Aside from TSH, your total and free T4, total and free T3, reverse T3, anti-TPO, and anti-thyroglobulin may also get tested. These tests can provide a more detailed picture of your body's thyroid function, including thyroid autoimmunity as indicated by elevated thyroid antibodies, which can be present in Hashimoto's disease. These lab tests can provide important information about thyroid hormone conversion and other aspects of thyroid function that might not be shown by a TSH test.
The following ways may help you overcome both hypothyroidism and adrenal dysfunction:
Obviously, you need to address your hypothyroidism. And the only way to do this is by taking thyroid hormone replacement medication. The standard approach to treat this condition is by taking levothyroxine or synthetic thyroid hormone T4, such as Synthroid and Levoxyl. However, natural desiccated thyroid (NDT), such as Armour Thyroid and VitaliThy, has been gaining popularity as the preferred choice for many individuals looking to treat their hypothyroidism. This thyroid medication is made from the dried and powdered thyroid glands of pigs. Thus, it contains natural forms of T4 and T3 hormones. This combination is much closer to what your body naturally produces, which may explain why NDT provides better relief from hypothyroid symptoms.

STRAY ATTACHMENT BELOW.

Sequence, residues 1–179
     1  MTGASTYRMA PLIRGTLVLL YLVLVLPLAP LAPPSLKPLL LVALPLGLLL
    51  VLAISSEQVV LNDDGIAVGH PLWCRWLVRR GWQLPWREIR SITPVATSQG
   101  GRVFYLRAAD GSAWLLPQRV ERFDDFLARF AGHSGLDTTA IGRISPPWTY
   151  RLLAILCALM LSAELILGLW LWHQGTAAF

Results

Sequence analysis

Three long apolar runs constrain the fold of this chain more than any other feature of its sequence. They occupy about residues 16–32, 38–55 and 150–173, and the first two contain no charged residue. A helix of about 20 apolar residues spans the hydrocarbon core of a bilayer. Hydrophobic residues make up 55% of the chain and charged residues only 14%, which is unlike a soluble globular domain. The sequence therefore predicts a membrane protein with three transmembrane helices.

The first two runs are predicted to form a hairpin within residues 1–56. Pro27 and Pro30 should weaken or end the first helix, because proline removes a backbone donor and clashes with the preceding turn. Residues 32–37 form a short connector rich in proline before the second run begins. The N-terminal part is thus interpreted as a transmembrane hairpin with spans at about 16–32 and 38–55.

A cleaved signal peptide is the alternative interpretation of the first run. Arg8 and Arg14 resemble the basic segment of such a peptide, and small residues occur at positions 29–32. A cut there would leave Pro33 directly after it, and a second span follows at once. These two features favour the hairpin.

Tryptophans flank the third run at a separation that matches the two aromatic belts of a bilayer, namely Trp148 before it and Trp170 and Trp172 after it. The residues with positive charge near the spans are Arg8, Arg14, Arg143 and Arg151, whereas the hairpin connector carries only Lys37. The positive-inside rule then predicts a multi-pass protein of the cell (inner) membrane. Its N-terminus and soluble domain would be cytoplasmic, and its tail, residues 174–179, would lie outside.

Brand names of NDT, like Armour Thyroid, can be hard to find, but many alternatives are available. One of them is VitaliThy, a natural desiccated thyroid you can buy online. Although it's classified as an NDT supplement, it actually consists of Thyroid (USP), just like Armour Thyroid. Therefore, it can work very effectively in easing your hypothyroid symptoms and helping you lead a healthy life.
If you have adrenal insufficiency, it's important to get your cortisol levels to their optimal range first. Taking thyroid hormone medication before you correct your low cortisol can only worsen your condition.
You can consider taking supplements to support your adrenal glands if you have adrenal fatigue. It's important, however, to only do this under the surveillance of your doctor.
If you have adrenal insufficiency, you'll need to take hormone supplements to replace the hormones your adrenal glands don't make enough of. For low cortisol, you'll need to take glucocorticoids like prednisolone and hydrocortisone. If you have low mineralocorticoid hormones, your doctor will prescribe Florinef. Lastly, dehydroepiandrosterone may be given if you're a woman with low libido and low energy levels.